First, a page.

Nursing our Fledgling Apple Orchard

The Jewish New Year for trees, or Tu Bishvat is coming up next week. In anticipation, I wrote the following piece for the Jewish parenting blog Kveller.com, which is also running a contest where you can win a package of our organic dates from our small business supporting Israeli farmers. Thanks for reading and Shabbat Shalom!

Years ago my husband and I volunteered on Kibbutz Sde Eliahu in Israel, working in an organic vineyard and vegetable garden. On Tu Bishvat (the Jewish holiday celebrating the new year for trees!) kibbutzniks we had never seen in the fields came to help in the garden for a few hours. When we left the kibbutz, the leader of the vineyard gave us a little farewell blessing. We didn’t understand it all but he definitely said to “have children” and “plant trees with real roots, not just tomatoes.”

So, we returned home and pretty much got to work following his instructions.

Six years later, we are grateful to have two small children and a tiny heirloom apple orchard. The orchard is still very young and vulnerable. The trees are spindly and they had a tough time during last year’s flood. A few of them are no taller than our 4-year old boy and have branches as thin as pencils. I am always happy to see a bird rest on one of these little branches, treating the sapling like a real tree for a moment.

Here in Maryland it is still winter and far too early to plant trees on Tu Bishvat. So we are developing our own little Tu Bishvat tradition. This year, we plan to take our children down to our fledgling heirloom apple orchard to visit the trees and give them some much needed attention. We will bring a nice pile of mulch to each tree, check them for winter damage and possibly add a few bamboo support poles if needed. We will talk to the children (and probably the trees too) about our hopes for a day when the trees are full of fruit and strong enough to climb. We will imagine Tu Bishvat in Israel, where almond trees are blooming. And by then we’ll probably need to go inside to warm up.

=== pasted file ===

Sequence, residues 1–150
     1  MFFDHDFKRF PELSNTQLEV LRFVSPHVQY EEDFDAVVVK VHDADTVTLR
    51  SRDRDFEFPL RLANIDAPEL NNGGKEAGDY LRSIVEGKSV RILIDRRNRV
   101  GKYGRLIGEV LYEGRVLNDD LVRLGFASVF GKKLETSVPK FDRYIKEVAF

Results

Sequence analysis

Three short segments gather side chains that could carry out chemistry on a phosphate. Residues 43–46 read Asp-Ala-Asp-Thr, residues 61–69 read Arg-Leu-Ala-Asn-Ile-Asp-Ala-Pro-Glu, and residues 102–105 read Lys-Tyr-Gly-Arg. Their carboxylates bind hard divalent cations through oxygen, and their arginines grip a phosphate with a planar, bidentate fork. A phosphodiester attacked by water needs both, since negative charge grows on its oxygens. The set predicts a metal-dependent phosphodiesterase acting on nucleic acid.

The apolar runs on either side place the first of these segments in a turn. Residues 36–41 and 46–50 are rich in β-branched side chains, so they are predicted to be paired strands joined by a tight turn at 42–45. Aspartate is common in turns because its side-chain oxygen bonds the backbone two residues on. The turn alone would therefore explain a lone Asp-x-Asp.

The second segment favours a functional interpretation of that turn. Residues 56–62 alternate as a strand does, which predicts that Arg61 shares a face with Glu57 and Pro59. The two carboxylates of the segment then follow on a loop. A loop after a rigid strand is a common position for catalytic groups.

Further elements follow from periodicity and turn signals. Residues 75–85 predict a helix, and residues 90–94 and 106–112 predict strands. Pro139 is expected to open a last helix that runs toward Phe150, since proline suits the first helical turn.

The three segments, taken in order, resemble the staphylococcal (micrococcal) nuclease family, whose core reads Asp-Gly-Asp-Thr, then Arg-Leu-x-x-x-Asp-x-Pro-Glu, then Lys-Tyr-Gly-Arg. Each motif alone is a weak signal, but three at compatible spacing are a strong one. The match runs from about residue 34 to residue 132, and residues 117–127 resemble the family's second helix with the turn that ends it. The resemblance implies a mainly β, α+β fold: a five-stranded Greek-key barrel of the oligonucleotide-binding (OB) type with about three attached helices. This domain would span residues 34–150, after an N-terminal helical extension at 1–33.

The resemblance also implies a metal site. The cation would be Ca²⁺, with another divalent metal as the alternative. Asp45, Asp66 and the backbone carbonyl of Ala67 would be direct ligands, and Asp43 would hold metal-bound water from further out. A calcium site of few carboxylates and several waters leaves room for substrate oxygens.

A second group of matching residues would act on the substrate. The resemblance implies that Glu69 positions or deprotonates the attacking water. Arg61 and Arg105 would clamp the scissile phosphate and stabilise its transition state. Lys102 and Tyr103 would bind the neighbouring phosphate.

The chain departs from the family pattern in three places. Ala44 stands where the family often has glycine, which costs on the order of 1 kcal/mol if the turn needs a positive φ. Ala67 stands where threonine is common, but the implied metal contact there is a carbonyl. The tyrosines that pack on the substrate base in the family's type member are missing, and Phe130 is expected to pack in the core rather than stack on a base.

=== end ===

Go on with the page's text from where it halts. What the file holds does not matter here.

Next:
This article originally appeared here on kveller.com. Kveller.com offers a Jewish twist on parenting, everything a Jewish family could need for raising Jewish children–including crafts, recipes, activities, Hebrew and Jewish names for babies…and advice from Mayim Bialik.

5 Comments:

  1. Hey, I just made the connection between the post I read on Kveller, and the blog I subscribed to a couple of weeks ago: both are you.
    I love the idea of visiting an orchard before Spring to observe and tend. Even lucky kids usually only go to an orchard during the Fall, when the apples are ready to pick. What a perfect Tu B’Shevat tradition and natural connection to the Jewish year.

    • thank you, you are right, everyone thinks of apple orchards as a fall event. Thanks for commenting and making the connection! I am trying to develop my writing and I am very open to collaboration, guests posts etc. I hope we keep in touch. It’s funny, but in my initial blog thoughts — I was going to use the word balabusta too, its such a great word, I love your title.

  2. beautiful post! I have long dreamed of growing an orchard. We rent the farm where we currently are, so the investment in trees isn’t practical here, but perhaps on my in-laws’ farm before too long… what a delightful holiday, new year just for trees!

  3. thanks! I would say plant a few trees at your place anyway, you might just stay where you are longer than you think, or else someone else can enjoy them. We waited a few years before starting ours and I wish we were further along.

    • you’re absolutely right, thanks for the nudge 🙂 I tend to think trees are “too expensive” and each year they just don’t make the cut– we spend a lot on all the annual veggies for the CSA and markets. but if we never start, well, we’ll never start!

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